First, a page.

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Why do we need or want clever robots? What can they do for us that existing robots can't do.
It is known that the Roman Empire, and most empires before and since, was founded on slavery and consequently most Romans had quite an easy time of it. However, that doesn't help us because slavery is illegal. So what could help us? Suppose we had robots with enough Intelligence that we could leave them to do certain jobs on their own.
You might say, of course, that today's Industrial robots get on with the job on their own, which is all very true until something goes wrong, say maybe a work-piece breaks or a tool jams or the electricity goes off. What then? Everything must stop until a human can come and sort things out and restart the system. Where does that put humans, but as the servants or slaves of the machines! If today's robots had a little more Intelligence, and better sensors, then they could sense that something was not quite as it should be and take appropriate action to remedy the situation and then carry on.
The ideal servant or slave is smart enough to do the job but not smart enough to complain. Let us look at some applications for smart robots and improvements in technology necessary to make then possible.
Supposing we had clever robots, what could we do with them, what could we use . them for?
Trying to anticipate too far into the future is fraught with difficulty and we should at this stage restrict ourselves to realistic aims and omit any flights of fancy from science fiction. There are many tasks which are at present very dangerous for humans to do and others which are socially limiting because of the time at which they need to be carried out. There are even more tasks that are impossible for humans because of their size, that is, humans may not be able to fit into the space available or they may be too small or weak.
Let's look at a few such tasks and try to determine what features of hardware and software would be necessary to accomplish them.
Most people probably picture sewers as quite large, certainly large enough to walk down. However, this is not the case, most are small, and crawling down them would be very difficult. The sewers in nearly all towns and cities are now quite old and are beginning to need maintenance. Apart from the few where humans can carry out this maintenance work from the inside, (which can't be a pleasant job), it involves either digging them up and relaying or the use of specialised machinery for lining the insides, which is a slow process. How much better It would be if we could have robots to do this job. They could work on the inside of the sewer even while It was being used! What sort of robot would we need?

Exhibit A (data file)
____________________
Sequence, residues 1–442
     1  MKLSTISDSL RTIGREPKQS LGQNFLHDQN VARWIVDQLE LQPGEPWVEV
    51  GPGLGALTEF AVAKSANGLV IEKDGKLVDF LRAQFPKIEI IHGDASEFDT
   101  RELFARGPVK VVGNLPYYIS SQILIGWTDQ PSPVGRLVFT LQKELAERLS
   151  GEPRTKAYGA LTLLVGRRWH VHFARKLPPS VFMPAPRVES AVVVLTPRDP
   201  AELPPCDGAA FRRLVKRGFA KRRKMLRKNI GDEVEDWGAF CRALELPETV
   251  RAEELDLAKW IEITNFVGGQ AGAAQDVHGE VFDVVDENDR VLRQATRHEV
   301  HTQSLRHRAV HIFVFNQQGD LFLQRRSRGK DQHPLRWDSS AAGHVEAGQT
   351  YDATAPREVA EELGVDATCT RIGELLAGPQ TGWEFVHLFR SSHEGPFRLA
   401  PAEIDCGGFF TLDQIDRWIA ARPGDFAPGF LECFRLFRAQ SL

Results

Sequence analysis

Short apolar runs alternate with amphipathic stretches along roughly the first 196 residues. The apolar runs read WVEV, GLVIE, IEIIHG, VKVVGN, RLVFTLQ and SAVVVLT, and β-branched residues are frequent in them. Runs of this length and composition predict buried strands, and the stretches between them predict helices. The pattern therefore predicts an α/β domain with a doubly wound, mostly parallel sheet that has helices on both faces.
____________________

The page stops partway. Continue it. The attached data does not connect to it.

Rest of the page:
As a result of this, security robots are already being made. What facilities must they have?
Requirements of Advanced Robots
What are the requirements of advanced robots? The above only gives us an idea for specific cases but it is possible to define broadly various features which, will be necessary.
Meeting ali of these requirements is going to take a lot of research and it will be a long time before they can all be implemented. Even 1b) and 1c) are not easy.
Hardware Improvements Required
In this section we will look at hardware improvements which will be required for us to build what we can call an advanced robot. You should of course remember that the term 'advanced' is relative. To some people the advanced robot of yesterday is in use now and will be out of date tomorrow!
One of the main limitations of today's industrial robots is that they are not able to move about. Machines that they serve must be grouped within reach of the robot, leading to cluttered environments and in many cases the robot spends a large percentage of its time waiting for the other machines to finish their operation. A more satisfactory arrangement would be for one robot to serve many more machines but this requires the robot to move about. In a few factories some robot arms are able to move about on rails fixed In front of machines but these are not really mobile robots. Their base is still firmly fixed to the floor. The difference is illustrated in Figure 1.
How could a mobile robot know where it was and where it had moved to? A comon way with wheeled robots is to count how far the wheels have turned by using shaft encoders on the axies. While under good conditions this method is fairly accurate, it only takes a slight amount of wheel slippage, caused maybe by a greasy surface or slight unevenness, to upset the calculations.
What is needed is a more reliable method. While there are very exotic inertial navigation systems which could sense the robots acceleration and hence determine its position, they cost many more times the price of a robot.
The easy method is to refer to fixed features existing in the robot's environment. Industrial automated guided trucks use paths marked out with reflective tape stuck to the floor or buried cables which emit an electronic signal, as in Figure 2. However, should the robot truck ever lose contact with the path marker, then it would be completely lost and would need a human to come to its aid.
If a robot has to follow a given track such as a buried cable then it can't do anything about avoiding obstacles other than stop, for once it had moved away from the path it would be lost. With the ability to remotely sense its environment, it is immediatety free to take whichever path is unobstructed.
The software necessary to plan new paths depending on obstructions encountered is not very difficult to write and can easily be done an a microcomputer. What is not so easy is the accurate sensing of the position and shape of obstacles, even humans bang their shins and heads occasionally, and we have very good sensing equipment - eyes. Mobile robots at the moment don't have sufficiently good sensors to recognise anything other than the simplest of obstacles. The use of ultrasonic rangefinders as used in some cameras and by bats can provide robots with a very coarse view of their world but can easily miss thin objects which are still able to block the robot's path.